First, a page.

On a busy day I might be doing user interviews and then in between recruiting for the next round or typing up my notes from the day before. Last year I was part of a small group that interviewed over 140 people for persona development and it was also my job to write some personas and manage the recruiting and the scheduling for the interviews. There was one day where I; had 8 user interviews to conduct myself, I also had to make sure that the three people working with me made it to their interviews and knew where they had to be, I worked on the personas I was responsible for, I recruited for the next set of interviews and I was also doing research to find a contact person to ask abot conduct a contextual inquiry in a call centre. That was just one day. Some days I find myself wireframing and brainstorming, I also find myself with information design tasks from time to time and of course I have team meetings and an admin stuff like anyone else.
Yesterday was quiet. I was waiting on feedback from a client so I went to an all staff meeting and then had a performance discussion with my new manager. In the afternoon, I attended a small informal training session and found out about some mentoring opportunties I might have coming up. I also found out that I will be co-facilitating UCD training for some new staff in a few weeks so I re-read the facilitator’s guide because it’s been a year since I looked at it. Then I did some training on lynda.com. It’s fairly new to me but I like it.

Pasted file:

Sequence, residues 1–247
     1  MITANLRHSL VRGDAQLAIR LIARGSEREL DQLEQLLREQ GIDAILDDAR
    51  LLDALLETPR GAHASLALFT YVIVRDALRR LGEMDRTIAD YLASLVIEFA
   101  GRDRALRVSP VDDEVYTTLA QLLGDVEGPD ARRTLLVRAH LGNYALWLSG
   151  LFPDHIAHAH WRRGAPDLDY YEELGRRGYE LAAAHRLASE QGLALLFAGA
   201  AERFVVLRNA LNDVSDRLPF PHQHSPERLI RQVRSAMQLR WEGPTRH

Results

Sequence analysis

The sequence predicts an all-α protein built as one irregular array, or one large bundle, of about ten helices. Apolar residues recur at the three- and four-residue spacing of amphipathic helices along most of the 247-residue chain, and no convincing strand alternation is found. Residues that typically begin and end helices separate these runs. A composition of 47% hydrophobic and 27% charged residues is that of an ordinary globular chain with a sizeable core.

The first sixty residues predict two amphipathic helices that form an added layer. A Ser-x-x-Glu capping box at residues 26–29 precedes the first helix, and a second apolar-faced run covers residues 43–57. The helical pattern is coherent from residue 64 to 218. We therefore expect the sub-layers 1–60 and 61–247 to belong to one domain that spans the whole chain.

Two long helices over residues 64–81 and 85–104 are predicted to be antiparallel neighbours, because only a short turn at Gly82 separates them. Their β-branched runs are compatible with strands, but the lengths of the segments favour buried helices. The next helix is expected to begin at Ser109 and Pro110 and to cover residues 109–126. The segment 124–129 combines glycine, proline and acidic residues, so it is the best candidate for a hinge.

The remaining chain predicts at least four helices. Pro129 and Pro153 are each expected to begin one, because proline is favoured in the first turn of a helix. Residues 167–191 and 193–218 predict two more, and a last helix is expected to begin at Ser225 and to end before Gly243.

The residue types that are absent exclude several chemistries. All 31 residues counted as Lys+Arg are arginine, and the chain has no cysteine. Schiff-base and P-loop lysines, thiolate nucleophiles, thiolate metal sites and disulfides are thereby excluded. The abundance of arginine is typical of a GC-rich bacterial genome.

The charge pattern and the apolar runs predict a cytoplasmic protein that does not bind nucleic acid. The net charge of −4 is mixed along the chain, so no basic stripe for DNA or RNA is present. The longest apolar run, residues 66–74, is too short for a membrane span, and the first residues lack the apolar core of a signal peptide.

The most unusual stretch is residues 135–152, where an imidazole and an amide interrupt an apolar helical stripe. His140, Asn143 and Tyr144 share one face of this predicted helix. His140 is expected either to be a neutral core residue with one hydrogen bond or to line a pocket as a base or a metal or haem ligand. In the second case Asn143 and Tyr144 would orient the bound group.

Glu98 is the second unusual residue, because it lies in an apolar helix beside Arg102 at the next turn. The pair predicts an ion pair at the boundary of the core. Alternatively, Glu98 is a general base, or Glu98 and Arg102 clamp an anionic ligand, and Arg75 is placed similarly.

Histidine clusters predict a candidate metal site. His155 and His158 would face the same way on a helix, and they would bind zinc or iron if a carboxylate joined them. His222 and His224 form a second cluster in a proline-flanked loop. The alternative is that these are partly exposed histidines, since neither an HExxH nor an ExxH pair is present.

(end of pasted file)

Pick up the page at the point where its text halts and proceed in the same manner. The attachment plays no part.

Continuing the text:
1. how much detailed/follow-up type work is required in UX?

UX is an iterative process of continous improvement, so there really isn’t an end to a piece of work. A product is developed but then it’s put out in the world and reviewed and updated. The work itself starts out high level and then you drill deeper and deeper through the layers to uncover its complexity.


#5

Welcome Kim. I made a comic about my “day in the life of a UX designer”. I hope it’s helpful …

Let us know how the GA course goes. I’ve heard good things from folks who went through it in Sydney.